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NCJRS Abstract

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NCJ Number: 229202 Find in a Library
Title: Service Patterns of Adult Survivors of Childhood Versus Adult Sexual Assault/Abuse
Journal: Journal of Child Sexual Abuse  Volume:18  Issue:6  Dated:November-December 2009  Pages:655-672
Author(s): Susan P. Grossman; Marta Lundy; Cathy Bertrand; Cynthia Ortiz; Grace Tomas-Tolentino; Kim Ritzema; Julia Matson
Date Published: December 2009
Page Count: 18
Sponsoring Agency: Bureau of Justice Assistance
Washington, DC 20531
Grant Number: 01-DB-BX-0017
Publisher: http://www.taylorandfrancis.com 
Type: Report (Study/Research)
Format: Article
Language: English
Country: United States of America
Annotation: This study examined the characteristics, referral sources, and service patterns of adult survivors of childhood sexual abuse (CSA) and adult sexual assault and/or abuse (ASA).
Abstract: Findings suggest that paths into service differ for the two groups. Adult survivors of childhood sexual assault/abuse obtain significantly more hours of service and service contacts on average than adult survivors of adult sexual assault/abuse. Demographic data indicate that although there were significant differences between the groups related to gender and race/ethnicity, differences were not always significant. The majority of individuals in both groups of survivors were White females, although adult survivors of CSA were slightly more likely to be male and slightly less likely to be persons of color compared to survivors of ASA. Adult survivors of CSA were also more likely to be married or formerly married compared to adult survivors of ASA and were slightly older when they entered services. Girls are at greater risk than boys for CSA. Data on referral sources for survivors of ASA report that survivors of ASA are more likely to receive referrals for treatment if they report to the police or hospital; hospitals and police stations often have ongoing working relationships with sexual assault crisis centers. Conversely, adult survivors of CSA rarely received referrals from police departments and hospitals, but referrals were most often made by a social service program, suggesting that victims first sought help from such programs before coming to the sexual assault crisis centers. Data were collected from 8,112 CSA survivors and 13,381 ASA survivors; information was provided by 32 crisis centers that comprise the Illinois Coalition against Sexual Assault (ICASA). Tables and references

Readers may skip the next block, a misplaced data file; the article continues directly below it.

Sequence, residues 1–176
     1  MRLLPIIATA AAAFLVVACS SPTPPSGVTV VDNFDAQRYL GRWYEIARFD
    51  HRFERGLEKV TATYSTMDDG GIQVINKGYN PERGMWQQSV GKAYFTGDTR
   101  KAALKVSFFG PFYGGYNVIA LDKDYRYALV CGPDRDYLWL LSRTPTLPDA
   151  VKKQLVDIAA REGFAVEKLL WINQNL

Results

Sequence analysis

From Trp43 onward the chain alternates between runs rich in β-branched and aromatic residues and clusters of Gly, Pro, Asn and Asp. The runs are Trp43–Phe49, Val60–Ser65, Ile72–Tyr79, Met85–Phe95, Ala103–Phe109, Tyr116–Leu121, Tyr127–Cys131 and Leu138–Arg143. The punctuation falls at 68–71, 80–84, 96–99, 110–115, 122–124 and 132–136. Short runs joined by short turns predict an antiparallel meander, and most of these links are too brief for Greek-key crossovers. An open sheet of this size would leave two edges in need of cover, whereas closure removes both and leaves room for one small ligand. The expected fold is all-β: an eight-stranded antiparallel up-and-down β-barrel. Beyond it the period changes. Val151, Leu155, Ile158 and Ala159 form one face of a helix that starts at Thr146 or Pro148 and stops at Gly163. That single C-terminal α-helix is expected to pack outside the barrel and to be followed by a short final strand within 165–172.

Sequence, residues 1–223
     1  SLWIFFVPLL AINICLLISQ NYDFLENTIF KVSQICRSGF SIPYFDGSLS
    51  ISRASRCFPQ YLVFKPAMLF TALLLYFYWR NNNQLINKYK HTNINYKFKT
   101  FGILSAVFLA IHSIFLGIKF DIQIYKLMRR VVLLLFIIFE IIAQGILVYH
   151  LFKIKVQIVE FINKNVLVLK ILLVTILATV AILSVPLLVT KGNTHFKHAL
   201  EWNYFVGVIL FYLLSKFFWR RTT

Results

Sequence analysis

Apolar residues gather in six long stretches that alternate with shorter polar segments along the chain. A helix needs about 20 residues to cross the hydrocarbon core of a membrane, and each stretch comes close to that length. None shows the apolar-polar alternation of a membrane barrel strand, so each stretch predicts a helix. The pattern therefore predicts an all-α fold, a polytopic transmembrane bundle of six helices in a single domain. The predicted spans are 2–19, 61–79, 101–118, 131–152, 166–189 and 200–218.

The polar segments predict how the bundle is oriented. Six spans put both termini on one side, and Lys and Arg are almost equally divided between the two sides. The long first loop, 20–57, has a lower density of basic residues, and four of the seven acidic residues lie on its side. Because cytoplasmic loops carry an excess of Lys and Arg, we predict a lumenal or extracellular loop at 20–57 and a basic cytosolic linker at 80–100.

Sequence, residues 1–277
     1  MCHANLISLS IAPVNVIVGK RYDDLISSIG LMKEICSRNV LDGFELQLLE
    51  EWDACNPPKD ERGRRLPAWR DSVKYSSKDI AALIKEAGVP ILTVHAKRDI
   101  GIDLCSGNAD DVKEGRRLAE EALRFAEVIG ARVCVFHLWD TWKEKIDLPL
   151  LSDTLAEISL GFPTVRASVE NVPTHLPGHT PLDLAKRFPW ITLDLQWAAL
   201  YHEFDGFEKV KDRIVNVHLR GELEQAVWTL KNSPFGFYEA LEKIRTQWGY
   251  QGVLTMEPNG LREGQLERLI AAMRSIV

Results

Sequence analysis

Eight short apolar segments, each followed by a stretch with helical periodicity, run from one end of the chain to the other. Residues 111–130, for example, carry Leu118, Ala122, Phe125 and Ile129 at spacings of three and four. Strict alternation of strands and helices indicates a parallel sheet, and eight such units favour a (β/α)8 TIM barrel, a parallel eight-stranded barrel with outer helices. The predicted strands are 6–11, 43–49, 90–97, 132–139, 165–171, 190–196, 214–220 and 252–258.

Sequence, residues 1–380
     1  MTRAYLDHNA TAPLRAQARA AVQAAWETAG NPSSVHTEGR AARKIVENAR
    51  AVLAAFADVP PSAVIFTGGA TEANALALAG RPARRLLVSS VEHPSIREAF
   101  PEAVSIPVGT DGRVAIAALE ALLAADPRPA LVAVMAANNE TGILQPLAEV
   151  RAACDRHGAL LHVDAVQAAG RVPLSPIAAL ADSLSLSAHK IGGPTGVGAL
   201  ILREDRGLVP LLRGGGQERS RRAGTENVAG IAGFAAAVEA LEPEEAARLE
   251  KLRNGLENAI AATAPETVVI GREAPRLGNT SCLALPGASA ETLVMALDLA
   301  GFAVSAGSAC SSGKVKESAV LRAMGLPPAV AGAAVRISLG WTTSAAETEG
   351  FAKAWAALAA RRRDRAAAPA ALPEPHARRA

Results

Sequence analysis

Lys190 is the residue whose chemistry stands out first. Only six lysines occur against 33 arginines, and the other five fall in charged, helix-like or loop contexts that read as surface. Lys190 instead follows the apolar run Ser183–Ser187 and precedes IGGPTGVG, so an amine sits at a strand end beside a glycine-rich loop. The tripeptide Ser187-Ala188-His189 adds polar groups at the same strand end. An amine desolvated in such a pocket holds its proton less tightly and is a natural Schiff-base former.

Main Term(s): Sexual assault; Survivors services
Index Term(s): Child Sexual Abuse; Referral services; Sexual assault trauma; Sexual assault victims
To cite this abstract, use the following link:
http://www.ncjrs.gov/App/publications/abstract.aspx?ID=251229

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